# Re: Invertible nondeterminism?

From: Sebastian Fischer <sebf_at_informatik.uni-kiel.de>
Date: Fri, 17 Dec 2010 09:25:36 +0900

Hi Jan,

On Thu, 2010-12-16 at 23:08 +0100, Jan Christiansen wrote:
> So, would it be bad if you only have a weaker form of this law?
> Something like
>
> remove-dup (f a ? b) = remove-dup (f a ? f b)

Is remove-dup a language construct or only available in the semantics?
I'm not sure about the consequences of this law. It would be nice if it
allows to have laziness, call-time choice, and anti in a single
language. On the other hand, I'd like to use only language constructs in
equational laws..

I can rephrase my previous summary as follows, for the record. If we
have

f (a ? b) = f a ? f b

for all functions f but allow

f failure /= failure

for some functions f, like (const x), then (?) is idempotent. One way
out is to drop the first law (for example by using run/eval-time choice)
or to not allow the second inequalities (for example by using call-by
value). Another way out would be to find an alternative characterization
of call-time choice.

> > The laws of the Sharing monad for lazy nondeterministic programming in
> > Haskell (ICFP'09) also hold only modulo idempotence of mplus.
>
> I am not sure whether i am getting this correctly. That is, the mplus
> operator of a sharing monad has to be idempotent?

The laws imply that the sharing monad is idempotent if we include the
(Ignore) law:

a = share (mzero `mplus` mzero) >>= \_ -> a (Ignore)
= (share mzero >>= \_ -> a)
`mplus` (share mzero >>= \_ -> a) (Choice)
= (return mzero >>= \_ -> a)
`mplus` (return mzero >>= \_ -> a) (Fail)
= a `mplus` a (Lret)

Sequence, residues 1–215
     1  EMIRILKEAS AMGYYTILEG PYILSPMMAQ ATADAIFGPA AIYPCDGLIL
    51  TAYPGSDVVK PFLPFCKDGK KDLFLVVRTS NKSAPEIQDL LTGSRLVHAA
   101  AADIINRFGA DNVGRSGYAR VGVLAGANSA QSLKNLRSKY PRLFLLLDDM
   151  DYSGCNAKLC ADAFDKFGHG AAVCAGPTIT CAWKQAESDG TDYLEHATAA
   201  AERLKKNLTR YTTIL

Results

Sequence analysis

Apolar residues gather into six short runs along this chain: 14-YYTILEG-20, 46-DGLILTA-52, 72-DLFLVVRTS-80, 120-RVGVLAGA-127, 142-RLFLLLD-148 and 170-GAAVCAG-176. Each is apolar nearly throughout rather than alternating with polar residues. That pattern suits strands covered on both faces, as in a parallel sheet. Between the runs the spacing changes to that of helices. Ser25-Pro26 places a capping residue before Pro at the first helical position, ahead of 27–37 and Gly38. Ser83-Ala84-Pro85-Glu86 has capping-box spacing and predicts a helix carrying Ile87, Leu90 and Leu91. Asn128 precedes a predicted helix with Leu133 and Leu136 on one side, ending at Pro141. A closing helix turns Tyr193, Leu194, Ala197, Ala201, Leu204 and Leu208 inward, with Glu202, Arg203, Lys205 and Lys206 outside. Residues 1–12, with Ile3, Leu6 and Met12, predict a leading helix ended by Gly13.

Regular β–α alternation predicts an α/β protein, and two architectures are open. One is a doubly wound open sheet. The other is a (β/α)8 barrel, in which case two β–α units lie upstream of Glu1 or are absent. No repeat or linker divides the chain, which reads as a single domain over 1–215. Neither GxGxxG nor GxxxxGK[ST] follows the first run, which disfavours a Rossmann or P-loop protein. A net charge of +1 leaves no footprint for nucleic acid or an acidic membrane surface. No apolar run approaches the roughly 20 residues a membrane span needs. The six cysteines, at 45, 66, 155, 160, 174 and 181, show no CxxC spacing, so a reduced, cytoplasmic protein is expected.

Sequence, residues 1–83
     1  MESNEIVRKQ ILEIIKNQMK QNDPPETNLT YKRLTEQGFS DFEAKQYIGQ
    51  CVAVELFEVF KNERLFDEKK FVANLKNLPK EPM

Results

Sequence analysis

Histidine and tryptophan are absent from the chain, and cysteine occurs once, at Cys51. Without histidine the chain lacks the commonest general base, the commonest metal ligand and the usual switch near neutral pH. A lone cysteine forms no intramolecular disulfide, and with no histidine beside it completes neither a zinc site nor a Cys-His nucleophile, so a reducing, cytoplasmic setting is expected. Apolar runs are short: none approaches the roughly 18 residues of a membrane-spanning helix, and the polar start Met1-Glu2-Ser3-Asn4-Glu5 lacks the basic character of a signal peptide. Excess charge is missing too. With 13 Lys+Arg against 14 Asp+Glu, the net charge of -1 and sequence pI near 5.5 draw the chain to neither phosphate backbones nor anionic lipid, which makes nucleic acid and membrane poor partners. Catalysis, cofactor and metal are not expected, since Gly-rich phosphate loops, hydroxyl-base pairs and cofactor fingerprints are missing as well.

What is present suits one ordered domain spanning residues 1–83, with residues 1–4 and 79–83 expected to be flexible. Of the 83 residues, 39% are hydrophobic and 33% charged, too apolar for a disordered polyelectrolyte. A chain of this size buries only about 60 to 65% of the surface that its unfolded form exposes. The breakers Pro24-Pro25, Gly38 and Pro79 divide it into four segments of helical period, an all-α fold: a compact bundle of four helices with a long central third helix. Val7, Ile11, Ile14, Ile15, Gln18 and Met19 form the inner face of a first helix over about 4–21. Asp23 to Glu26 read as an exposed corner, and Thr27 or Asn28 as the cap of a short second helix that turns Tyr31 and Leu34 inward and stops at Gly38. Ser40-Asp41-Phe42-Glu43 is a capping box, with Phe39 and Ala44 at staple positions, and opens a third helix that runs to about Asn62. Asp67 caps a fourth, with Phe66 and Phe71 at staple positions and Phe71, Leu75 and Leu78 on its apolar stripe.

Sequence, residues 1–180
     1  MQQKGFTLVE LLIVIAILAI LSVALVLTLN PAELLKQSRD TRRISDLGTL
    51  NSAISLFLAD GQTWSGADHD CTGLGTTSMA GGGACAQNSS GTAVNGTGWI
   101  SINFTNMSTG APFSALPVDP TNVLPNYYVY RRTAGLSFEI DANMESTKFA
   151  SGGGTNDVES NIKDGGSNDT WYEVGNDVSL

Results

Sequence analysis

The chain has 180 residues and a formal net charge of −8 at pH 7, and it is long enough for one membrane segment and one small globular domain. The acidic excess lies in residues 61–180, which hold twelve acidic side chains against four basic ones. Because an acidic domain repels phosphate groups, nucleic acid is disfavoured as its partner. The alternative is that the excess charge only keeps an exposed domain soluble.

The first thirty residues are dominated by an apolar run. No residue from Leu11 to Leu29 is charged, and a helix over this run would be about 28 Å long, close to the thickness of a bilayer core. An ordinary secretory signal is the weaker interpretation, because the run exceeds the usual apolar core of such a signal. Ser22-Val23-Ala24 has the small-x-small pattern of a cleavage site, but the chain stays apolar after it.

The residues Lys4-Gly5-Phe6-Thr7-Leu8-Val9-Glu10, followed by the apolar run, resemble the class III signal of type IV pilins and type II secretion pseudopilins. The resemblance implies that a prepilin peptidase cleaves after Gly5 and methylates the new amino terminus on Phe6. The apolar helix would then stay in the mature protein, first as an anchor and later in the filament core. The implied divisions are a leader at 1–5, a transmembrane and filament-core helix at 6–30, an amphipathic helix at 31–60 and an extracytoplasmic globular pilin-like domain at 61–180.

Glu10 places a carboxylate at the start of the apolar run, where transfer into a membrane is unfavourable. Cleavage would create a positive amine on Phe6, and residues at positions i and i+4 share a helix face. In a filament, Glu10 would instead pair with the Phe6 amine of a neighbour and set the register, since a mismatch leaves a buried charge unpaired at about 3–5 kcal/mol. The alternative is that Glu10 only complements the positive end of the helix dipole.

If we don't include (Ignore), we still require idempotence in the
observation monad as discussed in Section 4.4 under "Idempotence of
mplus".

Our implementation does not eliminate duplicate results. But the laws
predict some duplication that does not occur in our implementation which
is why we require idempotence in the observation monad.

> Even if f (a ? b) =
> f a ? f b does not hold generally? This would contradict a statement I

As encapsulation violates this law, I'd like to postpone thinking about
encapsulation until I understand the laws for a language without
encapsulation but with anti. Or do you think encapsulation could clarify
the meaning of anti?

> >> Furthermore if you want to assign a
> >> denotational semantics to encapsulation you probably need a multiset
> >> model anyway.
> >
> > Why?
>
> I concluded this from the behaviour of the encapsulation in kics. But
> maybe this behaviour does not show up for other approaches to
> encapsulation.
>
> test1 = (\[x] -> allValuesB (searchTree x)) [0?1]
>
> test2 = (\[x] -> allValuesB (searchTree x)) ([0]?[1])
>
> We get test1 = [0,1] and test2 = [0]?[1]. That is, although [0?1] and
> [0]?[1] have the same set-valued semantics we can distinguish them
> using encapsulation.

I think even with a set-based notion of nondterminism one could
distinguish [0?1] and [0]?[1] if one allows sets to be nested inside
constructors.

> Do others think that encapsulation should behave
> differently in this example?

Can set functions distinguish [0?1] and [0]?[1] ?

> While a set-valued semantics can employ the multialgebraic
> model (that is, all non-determinism is flattened out) a multiset-
> valued semantics has to employ the poweralgebraic model (that is, data
> structures contain non-determinism).

I think the distinction between sets and multisets is different from the
distinction between flat and nested nondeterminism. The former is about
allowing duplicates, the latter about nesting.

For example, using the sharing monad approach you can use a set- or a
multiset-monad but either way nondeterminism can be nested inside
constructors. (If you use a multi-set monad, the number of results may
differ from the number predicted by the laws as mentioned above.)

> By the way right now I think that you also have to use multisets if
> you want to assign a denotational semantics to recursive let
> expressions like they are implemented by Kics and PAKCS.

Would nested set-based nondeterminism suffice?

Sebastian

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Received on Fr Dez 17 2010 - 11:10:17 CET

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